The following are 4 main categories that affects how our trees grow. How we manipulate these four categories will change how the tree grows. The first 4 are the easiest to change whereas the 5th requires a lot of time and practice to do well. Focus on getting the first 4 down before working on #5. Always ask yourself, “Is what I’m doing helping to turn the tree into Bonsai?”
Sun– The Sun is so important for life on Earth. Sunlight is a key component to photosynthesis and how our trees create most if its food. We have to understand how much Sunlight our individual trees need and provide that for them. If we provide them with too little light, then the trees would tend to grow leggy and weaken. In some cases, the tree may even die off. On the other hand, if too much sunlight is provided, trees can burn and loose branches or even die all together.
Take the time and observe how your trees are doing in the sunlight you are giving them and make any necessary adjustments. If your backyard has too much sun or too little sun, it may force you to work on specific types of species only.
Water– It’s important to understand what our individual water quality is like. Hard water causes a build up of salts in the soil and turns the soil alkaline which most trees dislike. Deciduous trees have a much harder time growing in alkaline conditions whereas conifers then to tolerate it more. For example, unless I run my tap water through an Reverse Osmosis filter, my deciduous trees grows very poorly.
How we water also plays a role in the tree’s growth. Depending on the soil’s ability to hold water, over watering or under watering will cause trees to slow down or weaken. Be sure to water when the tree needs it. If you’re watering and you notice your trees are still wet from the last watering, hold off and wait for it to dry out a little bit more. Keep fine tuning your watering schedule till you find a good compromise between what the tree needs and your personal schedule.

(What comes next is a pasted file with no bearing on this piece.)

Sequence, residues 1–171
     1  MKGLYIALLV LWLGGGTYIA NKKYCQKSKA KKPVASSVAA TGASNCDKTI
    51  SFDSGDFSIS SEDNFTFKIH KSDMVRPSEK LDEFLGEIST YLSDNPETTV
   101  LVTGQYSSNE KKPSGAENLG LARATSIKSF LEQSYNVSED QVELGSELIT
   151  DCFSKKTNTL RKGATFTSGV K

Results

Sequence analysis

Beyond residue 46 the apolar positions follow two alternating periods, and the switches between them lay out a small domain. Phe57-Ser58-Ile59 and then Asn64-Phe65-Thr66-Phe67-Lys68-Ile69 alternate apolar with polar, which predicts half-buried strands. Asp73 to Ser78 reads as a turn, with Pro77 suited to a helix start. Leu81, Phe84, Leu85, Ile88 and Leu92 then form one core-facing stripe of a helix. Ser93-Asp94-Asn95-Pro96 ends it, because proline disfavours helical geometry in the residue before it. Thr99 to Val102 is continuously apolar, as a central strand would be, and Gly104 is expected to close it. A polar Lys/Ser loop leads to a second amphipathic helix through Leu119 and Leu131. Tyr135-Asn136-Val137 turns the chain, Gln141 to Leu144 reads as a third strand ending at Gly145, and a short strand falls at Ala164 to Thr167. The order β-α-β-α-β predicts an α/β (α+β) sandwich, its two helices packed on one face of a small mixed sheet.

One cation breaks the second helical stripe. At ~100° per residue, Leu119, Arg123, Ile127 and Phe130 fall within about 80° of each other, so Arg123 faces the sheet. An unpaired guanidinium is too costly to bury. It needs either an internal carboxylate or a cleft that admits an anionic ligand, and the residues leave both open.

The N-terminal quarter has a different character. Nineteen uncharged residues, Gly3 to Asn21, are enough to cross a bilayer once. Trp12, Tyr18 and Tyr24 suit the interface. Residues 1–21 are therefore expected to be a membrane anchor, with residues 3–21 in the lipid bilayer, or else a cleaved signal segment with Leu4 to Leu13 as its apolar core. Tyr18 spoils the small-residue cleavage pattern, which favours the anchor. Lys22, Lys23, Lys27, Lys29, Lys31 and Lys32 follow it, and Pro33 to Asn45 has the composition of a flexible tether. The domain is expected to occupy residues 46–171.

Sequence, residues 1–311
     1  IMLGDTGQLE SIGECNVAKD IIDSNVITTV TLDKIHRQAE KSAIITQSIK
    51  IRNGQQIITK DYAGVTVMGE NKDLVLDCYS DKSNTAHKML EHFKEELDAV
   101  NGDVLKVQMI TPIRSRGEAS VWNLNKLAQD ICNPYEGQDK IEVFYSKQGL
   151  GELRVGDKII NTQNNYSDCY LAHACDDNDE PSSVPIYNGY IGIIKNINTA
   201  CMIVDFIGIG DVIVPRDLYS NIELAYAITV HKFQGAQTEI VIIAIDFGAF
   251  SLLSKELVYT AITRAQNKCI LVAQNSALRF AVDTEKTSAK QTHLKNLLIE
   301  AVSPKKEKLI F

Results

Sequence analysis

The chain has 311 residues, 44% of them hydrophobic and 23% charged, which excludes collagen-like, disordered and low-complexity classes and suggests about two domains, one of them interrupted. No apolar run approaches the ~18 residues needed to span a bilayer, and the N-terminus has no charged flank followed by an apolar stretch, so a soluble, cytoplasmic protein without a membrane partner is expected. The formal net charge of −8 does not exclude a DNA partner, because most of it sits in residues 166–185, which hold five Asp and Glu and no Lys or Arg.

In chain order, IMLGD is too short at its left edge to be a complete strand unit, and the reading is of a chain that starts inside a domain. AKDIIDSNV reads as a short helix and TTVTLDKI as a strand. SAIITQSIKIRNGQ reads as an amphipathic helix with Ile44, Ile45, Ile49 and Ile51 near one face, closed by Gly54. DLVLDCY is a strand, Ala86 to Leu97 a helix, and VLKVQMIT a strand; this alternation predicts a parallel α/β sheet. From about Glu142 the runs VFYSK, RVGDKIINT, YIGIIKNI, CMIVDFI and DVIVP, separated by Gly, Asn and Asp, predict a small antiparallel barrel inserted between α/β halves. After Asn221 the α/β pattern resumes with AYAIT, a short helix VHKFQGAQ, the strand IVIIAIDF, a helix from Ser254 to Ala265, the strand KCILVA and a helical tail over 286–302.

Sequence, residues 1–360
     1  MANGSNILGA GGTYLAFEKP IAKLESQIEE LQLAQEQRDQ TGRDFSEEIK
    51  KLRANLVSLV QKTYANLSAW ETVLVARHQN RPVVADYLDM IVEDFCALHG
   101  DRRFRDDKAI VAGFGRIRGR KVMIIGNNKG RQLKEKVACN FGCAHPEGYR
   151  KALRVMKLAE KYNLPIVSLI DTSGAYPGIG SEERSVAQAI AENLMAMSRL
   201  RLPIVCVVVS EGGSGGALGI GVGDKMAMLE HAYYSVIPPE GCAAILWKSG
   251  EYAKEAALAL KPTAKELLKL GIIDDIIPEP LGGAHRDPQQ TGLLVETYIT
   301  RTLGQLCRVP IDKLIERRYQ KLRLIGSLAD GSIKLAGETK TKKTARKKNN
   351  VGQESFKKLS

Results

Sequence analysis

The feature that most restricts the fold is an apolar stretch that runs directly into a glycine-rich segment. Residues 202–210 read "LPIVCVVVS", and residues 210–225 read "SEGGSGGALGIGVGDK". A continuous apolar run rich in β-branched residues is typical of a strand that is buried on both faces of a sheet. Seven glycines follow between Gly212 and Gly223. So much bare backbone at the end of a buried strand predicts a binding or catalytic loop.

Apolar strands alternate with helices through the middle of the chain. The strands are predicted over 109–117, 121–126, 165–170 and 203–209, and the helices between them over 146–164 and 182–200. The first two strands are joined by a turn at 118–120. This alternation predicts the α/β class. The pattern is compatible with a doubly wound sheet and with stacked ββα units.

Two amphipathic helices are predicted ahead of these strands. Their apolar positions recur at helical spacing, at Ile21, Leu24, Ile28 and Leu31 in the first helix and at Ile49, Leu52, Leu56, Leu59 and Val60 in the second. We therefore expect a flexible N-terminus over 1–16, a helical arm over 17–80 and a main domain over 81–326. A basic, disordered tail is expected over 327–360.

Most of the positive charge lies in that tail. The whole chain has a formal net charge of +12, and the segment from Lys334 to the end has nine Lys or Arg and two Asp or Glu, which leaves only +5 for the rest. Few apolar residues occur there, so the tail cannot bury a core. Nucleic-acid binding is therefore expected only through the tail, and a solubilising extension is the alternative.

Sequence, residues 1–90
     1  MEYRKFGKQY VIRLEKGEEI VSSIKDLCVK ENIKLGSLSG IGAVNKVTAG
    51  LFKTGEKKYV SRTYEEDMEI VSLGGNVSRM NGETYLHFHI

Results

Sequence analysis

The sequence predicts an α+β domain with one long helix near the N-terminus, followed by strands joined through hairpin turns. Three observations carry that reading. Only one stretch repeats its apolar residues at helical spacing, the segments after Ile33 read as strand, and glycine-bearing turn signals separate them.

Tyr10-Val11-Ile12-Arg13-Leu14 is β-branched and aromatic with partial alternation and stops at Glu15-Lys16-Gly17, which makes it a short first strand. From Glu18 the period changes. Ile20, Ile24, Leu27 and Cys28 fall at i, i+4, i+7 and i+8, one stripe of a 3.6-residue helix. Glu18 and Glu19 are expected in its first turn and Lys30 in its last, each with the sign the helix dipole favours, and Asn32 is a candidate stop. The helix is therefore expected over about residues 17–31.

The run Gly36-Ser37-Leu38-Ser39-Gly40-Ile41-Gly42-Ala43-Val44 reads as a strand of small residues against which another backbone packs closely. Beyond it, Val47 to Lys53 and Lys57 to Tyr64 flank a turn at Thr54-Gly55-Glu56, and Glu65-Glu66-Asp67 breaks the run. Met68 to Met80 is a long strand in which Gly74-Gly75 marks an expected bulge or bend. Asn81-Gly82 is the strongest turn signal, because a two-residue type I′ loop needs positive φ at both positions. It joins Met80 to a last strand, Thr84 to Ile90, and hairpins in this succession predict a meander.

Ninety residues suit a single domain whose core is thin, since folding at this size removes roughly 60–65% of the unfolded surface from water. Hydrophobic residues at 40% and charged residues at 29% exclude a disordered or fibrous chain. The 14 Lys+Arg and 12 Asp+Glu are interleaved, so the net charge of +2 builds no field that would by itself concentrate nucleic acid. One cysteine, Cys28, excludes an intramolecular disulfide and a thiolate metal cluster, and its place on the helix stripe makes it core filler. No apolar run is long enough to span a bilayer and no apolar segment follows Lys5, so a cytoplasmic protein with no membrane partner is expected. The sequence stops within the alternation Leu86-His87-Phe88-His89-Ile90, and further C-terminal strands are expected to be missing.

Soil– If you’ve repotted with me before, you know that soil is a very important part of Bonsai. What type of soil we use and how much water it holds will cause our trees to grow very differently. Drier soil mixes causes the tree to grow faster whereas wetter mixes causes the trees to grow slower.
Repotting interval also causes the trees to grow differently as well. Deciduous trees grow slow when repotted often whereas Conifers grow faster when repotted often.
Fertilizing– It doesn’t get easier then this. Fertilizing is a great way of giving our trees that little extra push to grow more. But again, be sure that you’re not causing the trees to grow in a manner that’s not inline with your goals for the tree. Fertilizing is good but sometimes over doing it can cause more problems, such as burning of the roots (more likely with Chemical fertilizers) or excessive un-needed growth.
Styling– This the fun part in Bonsai and why most of us got into the Art in the first place. Styling includes cutting and wiring techniques. We tend to jump to this before we cover the above 4 categories first. This category is very involving and takes a good amount of time and practice, which is why we take workshops together.
During the workshop we will continue to cover all sorts of Bonsai topics but they all fall into the 5 categories discussed above. Remember to always ask yourself, “Is what I’m doing helping to turn the tree into Bonsai?”
As always I look forward to working with you all. See you at the workshop!